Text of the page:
Johann Hugo von Wilderer was German composer. It is believed he studied with the Venetian Giovanni Legrenzi. He worked as court organist at St Andreas, Düsseldorf. By 1696 he was court vice-Kapellmeister, and at age 30 he was appointed Kapellmeister of the Düsseldorf court, where he worked until the death of the prince-elector Palatine in 1716. The new prince united several groups of musicians in western Germany (Düsseldorf, Mannheim, and Heidelberg). With the help of Wilderer and others, the prince built the foundations for the famous Mannheim Orchestra. Wilderer probably met Georg Frideric Handel during the latters visits to Düsseldorf in 1710, 1711, and 1719. Wilderer moved with the Kapelle to Heidelberg and then Mannheim (1720), where he was joint music director until 1723.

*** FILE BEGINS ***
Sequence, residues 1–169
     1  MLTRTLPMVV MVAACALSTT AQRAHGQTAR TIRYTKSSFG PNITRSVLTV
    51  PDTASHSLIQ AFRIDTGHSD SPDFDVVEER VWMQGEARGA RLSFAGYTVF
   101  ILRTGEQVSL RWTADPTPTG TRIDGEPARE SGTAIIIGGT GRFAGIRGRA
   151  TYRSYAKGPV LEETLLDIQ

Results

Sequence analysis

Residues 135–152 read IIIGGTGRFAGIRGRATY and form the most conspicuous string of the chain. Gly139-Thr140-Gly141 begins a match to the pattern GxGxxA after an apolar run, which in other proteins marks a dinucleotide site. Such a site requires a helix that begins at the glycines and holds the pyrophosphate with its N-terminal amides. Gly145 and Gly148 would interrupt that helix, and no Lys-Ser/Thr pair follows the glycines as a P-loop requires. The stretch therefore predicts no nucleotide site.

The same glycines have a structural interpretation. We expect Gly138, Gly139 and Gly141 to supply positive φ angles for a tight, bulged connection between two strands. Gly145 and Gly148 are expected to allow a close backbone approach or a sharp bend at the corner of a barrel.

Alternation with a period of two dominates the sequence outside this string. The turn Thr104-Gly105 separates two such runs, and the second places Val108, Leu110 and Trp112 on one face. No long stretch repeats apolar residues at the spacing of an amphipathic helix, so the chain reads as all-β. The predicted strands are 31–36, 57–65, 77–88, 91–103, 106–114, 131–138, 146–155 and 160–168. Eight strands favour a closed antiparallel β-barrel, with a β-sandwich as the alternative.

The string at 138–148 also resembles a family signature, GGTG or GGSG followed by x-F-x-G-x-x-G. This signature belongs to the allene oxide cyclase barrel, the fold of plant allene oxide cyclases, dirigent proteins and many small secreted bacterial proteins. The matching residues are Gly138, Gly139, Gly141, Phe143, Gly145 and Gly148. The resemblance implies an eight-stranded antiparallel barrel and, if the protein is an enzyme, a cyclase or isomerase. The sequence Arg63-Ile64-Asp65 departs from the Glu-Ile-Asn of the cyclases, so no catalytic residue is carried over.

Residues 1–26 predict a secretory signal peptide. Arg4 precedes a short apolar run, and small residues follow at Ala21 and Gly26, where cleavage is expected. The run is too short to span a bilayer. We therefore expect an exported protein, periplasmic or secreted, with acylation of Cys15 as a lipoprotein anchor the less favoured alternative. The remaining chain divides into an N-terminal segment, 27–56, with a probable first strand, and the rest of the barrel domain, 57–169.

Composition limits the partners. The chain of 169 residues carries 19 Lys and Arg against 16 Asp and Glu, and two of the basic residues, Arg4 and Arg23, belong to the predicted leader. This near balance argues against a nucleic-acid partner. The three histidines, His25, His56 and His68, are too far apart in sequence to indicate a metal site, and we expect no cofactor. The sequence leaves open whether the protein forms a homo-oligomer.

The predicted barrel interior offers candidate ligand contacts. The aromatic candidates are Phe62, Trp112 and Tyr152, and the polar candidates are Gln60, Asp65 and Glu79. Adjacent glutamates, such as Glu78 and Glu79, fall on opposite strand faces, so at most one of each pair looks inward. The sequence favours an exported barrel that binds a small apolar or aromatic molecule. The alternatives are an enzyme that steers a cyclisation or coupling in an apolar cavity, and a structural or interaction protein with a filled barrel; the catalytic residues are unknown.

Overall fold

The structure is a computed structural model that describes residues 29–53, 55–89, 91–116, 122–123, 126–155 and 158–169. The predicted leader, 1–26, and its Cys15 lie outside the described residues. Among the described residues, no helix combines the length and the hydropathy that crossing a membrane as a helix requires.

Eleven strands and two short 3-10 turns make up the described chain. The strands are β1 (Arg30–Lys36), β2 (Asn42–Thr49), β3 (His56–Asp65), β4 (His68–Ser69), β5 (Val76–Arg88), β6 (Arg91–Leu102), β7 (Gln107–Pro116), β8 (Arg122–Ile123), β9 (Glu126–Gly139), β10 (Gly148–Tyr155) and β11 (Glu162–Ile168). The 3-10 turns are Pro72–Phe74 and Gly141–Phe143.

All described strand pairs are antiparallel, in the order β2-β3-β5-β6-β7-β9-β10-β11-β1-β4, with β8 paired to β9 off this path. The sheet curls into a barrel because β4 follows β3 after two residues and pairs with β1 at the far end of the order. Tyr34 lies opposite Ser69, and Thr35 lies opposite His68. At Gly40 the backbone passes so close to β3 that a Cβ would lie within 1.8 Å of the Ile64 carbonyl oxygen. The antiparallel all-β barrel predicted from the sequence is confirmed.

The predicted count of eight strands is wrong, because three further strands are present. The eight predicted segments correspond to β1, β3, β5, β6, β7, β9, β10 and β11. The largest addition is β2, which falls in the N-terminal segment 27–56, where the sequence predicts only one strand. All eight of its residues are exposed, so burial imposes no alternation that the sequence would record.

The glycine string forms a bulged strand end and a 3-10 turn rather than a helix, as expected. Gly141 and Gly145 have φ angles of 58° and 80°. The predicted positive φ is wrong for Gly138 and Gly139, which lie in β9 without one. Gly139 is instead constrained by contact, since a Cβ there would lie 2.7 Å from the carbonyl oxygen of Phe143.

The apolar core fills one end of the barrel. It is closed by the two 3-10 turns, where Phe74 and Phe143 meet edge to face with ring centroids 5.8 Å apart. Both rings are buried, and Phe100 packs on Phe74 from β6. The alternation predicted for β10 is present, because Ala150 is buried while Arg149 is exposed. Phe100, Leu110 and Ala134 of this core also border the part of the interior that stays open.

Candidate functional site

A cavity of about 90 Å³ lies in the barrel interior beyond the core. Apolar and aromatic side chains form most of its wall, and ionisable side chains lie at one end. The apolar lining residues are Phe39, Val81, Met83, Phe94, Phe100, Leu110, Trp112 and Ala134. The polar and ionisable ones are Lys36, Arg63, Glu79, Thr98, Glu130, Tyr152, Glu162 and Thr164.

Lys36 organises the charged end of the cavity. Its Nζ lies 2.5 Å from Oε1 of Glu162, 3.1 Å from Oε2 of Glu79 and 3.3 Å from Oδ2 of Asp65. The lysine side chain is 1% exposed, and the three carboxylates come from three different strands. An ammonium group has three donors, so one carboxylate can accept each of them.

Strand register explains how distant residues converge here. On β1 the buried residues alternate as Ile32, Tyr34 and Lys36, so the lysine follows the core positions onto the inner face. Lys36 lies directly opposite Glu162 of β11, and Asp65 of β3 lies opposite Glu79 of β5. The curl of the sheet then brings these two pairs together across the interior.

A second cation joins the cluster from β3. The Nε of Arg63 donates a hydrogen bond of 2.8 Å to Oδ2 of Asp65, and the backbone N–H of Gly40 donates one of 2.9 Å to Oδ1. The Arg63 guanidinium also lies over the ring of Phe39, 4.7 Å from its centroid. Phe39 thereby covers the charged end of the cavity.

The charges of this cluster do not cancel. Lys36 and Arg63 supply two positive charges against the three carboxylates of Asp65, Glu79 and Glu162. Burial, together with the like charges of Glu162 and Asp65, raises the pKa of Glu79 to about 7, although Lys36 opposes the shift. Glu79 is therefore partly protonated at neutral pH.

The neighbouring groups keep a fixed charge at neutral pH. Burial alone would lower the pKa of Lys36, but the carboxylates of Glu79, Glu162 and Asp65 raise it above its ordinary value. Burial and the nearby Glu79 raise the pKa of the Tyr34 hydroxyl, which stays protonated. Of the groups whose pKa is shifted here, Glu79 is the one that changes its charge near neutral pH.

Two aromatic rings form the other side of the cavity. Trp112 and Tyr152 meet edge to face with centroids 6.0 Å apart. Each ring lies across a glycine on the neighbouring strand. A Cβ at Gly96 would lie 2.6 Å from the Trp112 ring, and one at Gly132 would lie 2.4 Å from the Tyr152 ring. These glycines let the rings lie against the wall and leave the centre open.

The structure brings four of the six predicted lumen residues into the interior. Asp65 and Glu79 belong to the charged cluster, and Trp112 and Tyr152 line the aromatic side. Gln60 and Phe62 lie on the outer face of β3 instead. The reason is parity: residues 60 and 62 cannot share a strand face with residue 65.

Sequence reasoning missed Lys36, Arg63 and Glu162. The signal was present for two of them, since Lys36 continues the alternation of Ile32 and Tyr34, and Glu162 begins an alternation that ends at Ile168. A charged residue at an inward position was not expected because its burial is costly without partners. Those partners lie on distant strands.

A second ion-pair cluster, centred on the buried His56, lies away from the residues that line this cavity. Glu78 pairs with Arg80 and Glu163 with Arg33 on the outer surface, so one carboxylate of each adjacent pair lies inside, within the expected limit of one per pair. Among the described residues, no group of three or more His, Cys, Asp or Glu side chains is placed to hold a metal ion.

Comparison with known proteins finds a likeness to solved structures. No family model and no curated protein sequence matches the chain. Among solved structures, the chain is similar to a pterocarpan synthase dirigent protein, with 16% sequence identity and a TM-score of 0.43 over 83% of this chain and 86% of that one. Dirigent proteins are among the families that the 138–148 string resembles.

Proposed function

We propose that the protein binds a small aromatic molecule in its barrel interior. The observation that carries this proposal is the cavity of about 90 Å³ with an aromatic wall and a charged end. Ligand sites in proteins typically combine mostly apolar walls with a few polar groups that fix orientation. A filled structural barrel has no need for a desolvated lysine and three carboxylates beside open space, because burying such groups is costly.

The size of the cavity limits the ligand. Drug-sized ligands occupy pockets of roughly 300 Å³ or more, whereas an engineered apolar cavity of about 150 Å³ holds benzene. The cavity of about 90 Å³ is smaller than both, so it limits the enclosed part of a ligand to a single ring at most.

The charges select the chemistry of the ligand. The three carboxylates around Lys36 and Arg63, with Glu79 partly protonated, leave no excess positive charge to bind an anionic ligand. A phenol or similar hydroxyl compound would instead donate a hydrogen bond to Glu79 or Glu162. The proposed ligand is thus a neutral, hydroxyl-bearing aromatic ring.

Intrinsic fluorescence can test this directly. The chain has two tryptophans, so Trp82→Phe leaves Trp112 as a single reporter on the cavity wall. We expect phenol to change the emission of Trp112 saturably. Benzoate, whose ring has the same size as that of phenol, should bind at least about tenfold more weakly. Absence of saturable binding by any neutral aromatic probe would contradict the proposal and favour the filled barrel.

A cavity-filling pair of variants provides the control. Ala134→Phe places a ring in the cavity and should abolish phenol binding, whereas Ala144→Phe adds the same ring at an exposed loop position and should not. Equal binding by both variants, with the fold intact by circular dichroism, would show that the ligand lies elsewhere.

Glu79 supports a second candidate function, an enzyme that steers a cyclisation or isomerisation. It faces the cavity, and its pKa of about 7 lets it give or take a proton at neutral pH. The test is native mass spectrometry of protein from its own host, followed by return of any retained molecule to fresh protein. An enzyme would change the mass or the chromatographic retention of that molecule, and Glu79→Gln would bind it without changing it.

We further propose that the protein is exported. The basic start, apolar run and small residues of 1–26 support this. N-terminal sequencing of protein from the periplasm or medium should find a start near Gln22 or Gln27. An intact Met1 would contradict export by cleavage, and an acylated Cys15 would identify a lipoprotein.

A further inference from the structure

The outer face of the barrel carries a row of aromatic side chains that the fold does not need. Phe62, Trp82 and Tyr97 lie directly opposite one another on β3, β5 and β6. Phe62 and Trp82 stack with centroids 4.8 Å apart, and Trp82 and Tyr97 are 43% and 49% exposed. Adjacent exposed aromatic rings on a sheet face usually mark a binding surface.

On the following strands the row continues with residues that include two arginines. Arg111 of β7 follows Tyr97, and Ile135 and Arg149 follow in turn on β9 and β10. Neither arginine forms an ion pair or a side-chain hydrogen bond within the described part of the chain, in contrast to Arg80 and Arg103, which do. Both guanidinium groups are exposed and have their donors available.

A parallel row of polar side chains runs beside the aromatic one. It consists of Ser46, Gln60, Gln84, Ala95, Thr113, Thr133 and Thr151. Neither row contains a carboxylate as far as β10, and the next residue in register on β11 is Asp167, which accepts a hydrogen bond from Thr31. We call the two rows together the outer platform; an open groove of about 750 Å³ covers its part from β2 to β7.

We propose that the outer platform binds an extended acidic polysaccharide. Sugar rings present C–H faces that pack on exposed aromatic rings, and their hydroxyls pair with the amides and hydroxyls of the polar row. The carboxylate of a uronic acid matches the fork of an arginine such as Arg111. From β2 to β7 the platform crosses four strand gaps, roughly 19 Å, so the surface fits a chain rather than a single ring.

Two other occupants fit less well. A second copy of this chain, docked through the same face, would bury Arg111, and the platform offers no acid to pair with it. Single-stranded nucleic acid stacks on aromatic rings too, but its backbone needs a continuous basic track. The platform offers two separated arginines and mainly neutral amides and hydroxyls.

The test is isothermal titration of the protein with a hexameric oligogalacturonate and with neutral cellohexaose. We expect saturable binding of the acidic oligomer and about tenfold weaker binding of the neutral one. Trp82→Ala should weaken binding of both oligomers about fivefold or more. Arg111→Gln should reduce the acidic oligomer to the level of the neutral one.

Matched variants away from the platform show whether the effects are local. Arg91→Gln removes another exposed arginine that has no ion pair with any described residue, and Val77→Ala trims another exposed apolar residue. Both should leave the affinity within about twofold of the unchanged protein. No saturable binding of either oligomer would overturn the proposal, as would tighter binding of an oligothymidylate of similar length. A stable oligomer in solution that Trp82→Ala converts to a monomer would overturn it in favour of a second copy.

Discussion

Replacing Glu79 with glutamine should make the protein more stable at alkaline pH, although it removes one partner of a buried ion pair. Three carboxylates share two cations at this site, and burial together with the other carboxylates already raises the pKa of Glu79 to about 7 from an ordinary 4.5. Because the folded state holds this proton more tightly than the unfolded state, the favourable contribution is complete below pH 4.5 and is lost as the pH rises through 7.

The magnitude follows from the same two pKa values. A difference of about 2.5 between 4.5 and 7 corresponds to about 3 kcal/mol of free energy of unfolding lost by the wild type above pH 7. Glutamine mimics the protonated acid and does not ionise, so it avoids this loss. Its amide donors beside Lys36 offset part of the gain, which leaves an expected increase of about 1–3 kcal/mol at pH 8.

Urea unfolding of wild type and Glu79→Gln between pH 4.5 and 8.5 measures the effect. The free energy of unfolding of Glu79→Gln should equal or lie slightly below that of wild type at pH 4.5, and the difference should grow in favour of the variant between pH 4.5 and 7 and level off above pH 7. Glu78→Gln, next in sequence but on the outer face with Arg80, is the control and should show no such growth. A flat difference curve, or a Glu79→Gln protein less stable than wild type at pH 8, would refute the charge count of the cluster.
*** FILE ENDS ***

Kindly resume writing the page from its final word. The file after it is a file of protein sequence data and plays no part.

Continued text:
Johann Hugo von Wilderer's output reflects the musical prestige and cosmopolitanism of these courts. His ten operas, mostly written at Düsseldorf, combine a Venetian style with French features and include colourful scorings. He also composed relatively few sacred works (oratorios, cantatas, motets etc.), but his Missa brevis in G minor was copied out by J.S. Bach, who seems to have borrowed a few elements from it for the Kyrie of his B minor Mass (BWV 232). He also composed Modulationi sacre a 2, 3 e 4 voci e violini (Q.-L.).